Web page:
• Host Interface (microUSB): Program, Debug, and Serial Communication
  • Dimensions: 68 mm x 51 mm
  • Weight: 22 g
HiFive1 Top View
HiFive1 Top View

riscv-blog-logoRISC-V is an open source instruction set architecture (ISA) that became a standard open architecture for industry implementations under the governance of the RISC-V Foundation. The RISC-V ISA was originally designed and developed in the Computer Science Division at the University of California to support computer architecture researches and education.

In a comparison with Arduino boards, the HiFive has 10x faster CPU clock, larger Flash memory, and lower power consumption. The table below shows the difference between Arduino UNO, Arduino Zero, and Arduino 101:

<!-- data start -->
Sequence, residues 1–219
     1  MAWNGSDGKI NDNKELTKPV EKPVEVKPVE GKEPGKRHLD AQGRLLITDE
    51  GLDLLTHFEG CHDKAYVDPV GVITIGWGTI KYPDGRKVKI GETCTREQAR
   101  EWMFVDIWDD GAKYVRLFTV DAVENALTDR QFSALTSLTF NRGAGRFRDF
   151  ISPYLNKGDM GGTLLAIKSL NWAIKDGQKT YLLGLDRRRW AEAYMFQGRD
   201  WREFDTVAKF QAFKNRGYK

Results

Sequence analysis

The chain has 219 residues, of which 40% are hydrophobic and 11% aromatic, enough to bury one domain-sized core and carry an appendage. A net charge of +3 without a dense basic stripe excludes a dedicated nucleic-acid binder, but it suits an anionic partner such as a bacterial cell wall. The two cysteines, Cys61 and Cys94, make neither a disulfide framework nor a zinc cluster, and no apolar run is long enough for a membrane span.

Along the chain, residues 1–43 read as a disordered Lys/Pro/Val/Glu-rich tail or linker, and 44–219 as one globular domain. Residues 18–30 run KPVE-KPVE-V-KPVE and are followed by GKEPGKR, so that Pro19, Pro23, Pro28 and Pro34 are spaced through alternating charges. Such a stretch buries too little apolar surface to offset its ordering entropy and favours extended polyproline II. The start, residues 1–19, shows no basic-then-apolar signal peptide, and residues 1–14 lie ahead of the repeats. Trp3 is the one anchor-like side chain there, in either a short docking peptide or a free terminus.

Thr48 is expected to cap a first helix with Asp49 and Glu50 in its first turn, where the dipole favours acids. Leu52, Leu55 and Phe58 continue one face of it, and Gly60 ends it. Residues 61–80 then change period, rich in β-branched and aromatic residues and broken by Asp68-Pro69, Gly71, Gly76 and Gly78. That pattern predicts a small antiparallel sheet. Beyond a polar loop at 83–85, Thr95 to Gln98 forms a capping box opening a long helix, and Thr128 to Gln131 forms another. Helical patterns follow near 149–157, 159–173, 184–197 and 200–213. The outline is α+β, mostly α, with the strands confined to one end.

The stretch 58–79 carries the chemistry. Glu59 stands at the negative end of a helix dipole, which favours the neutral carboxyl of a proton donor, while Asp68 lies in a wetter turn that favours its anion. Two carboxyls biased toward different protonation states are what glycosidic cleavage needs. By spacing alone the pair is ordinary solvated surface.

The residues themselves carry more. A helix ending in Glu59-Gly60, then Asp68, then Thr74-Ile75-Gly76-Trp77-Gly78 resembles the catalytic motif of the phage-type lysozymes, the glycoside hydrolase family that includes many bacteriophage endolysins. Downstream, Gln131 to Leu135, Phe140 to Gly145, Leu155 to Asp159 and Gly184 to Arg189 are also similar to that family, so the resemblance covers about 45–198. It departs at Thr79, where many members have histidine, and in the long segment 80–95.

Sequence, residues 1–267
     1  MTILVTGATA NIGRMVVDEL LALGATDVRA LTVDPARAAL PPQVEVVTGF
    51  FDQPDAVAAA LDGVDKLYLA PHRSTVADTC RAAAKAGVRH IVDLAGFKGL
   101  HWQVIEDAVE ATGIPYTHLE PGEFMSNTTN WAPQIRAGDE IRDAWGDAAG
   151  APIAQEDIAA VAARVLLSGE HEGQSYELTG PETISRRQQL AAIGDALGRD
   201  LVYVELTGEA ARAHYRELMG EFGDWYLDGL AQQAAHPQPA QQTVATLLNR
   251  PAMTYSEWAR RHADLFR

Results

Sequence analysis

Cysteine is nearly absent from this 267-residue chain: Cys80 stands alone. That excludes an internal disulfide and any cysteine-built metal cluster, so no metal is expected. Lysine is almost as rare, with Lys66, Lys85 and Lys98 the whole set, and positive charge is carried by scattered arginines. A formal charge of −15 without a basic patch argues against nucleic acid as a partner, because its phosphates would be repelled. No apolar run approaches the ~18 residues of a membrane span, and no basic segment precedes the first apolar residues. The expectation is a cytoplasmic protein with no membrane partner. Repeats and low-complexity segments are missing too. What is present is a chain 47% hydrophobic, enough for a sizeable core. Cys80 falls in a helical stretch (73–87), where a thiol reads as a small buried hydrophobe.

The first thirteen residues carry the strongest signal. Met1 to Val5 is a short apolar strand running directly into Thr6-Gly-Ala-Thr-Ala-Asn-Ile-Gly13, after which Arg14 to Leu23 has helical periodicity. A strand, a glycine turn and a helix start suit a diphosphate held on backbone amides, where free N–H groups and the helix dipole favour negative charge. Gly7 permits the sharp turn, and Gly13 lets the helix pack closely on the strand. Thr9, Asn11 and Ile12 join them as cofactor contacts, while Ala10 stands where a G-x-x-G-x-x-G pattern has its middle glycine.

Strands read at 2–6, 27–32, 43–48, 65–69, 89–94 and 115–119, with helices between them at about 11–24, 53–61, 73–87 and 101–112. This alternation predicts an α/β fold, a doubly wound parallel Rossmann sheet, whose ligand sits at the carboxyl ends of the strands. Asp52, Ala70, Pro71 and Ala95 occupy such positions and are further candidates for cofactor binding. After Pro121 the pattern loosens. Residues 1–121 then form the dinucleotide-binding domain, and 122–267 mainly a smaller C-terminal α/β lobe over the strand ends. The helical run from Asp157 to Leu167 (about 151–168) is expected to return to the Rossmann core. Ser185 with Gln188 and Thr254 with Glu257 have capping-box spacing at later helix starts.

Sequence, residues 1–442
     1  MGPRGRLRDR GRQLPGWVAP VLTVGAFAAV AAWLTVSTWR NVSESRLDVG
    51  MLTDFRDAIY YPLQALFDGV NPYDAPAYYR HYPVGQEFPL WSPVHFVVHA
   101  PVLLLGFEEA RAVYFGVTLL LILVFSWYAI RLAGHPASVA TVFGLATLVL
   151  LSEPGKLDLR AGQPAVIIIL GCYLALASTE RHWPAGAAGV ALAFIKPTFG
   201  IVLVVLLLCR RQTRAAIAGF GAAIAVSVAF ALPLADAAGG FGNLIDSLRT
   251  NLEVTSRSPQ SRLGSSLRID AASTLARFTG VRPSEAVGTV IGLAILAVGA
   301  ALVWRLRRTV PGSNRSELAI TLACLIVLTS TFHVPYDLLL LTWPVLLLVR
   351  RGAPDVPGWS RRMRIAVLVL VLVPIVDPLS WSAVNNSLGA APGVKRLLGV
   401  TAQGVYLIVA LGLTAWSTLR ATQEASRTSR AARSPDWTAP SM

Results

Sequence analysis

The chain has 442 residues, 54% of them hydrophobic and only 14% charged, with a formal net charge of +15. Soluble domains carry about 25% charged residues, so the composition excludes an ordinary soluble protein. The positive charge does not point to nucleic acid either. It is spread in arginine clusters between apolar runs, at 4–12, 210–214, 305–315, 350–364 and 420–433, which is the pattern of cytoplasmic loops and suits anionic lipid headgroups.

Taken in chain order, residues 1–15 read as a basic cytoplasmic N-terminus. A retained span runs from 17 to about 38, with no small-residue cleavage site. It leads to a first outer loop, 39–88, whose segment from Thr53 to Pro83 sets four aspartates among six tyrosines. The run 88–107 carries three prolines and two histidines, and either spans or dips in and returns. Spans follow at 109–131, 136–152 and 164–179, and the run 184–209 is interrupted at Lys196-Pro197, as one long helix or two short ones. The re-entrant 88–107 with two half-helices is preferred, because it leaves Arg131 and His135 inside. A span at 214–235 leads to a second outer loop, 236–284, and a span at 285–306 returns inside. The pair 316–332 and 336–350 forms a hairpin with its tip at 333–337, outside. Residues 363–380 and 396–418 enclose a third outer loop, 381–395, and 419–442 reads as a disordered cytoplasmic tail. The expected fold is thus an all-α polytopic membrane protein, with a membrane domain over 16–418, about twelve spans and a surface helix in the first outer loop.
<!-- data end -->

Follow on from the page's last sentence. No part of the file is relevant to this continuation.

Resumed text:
HiFive may be a helpful tool for system architects, hardware hackers and makers, to develop RISC-V applications, customize their own microcontroller, support open-source chips and open hardware. It is also good as a getting started kit to learn more about RISC-V.

You can order a HiFive board for $59 at its crowdfunding campaign, and the full documentation is available here.

PULPino – An open-source microcontroller system based on RISC-V


PULPino is an open-source microcontroller system, based on a small 32-bit RISC-V core developed at ETH Zurich. The core has an IPC close to 1, full support for the base integer instruction set (RV32I), compressed instructions (RV32C) and partial support for the multiplication instruction set extension (RV32M). It implements several ISA extensions such as: hardware loops, post-incrementing load and store instructions, ALU and MAC operations, which increase the efficiency of the core in low-power signal processing applications.

PULPino – An open-source microcontroller system based on RISC-V  – [Link]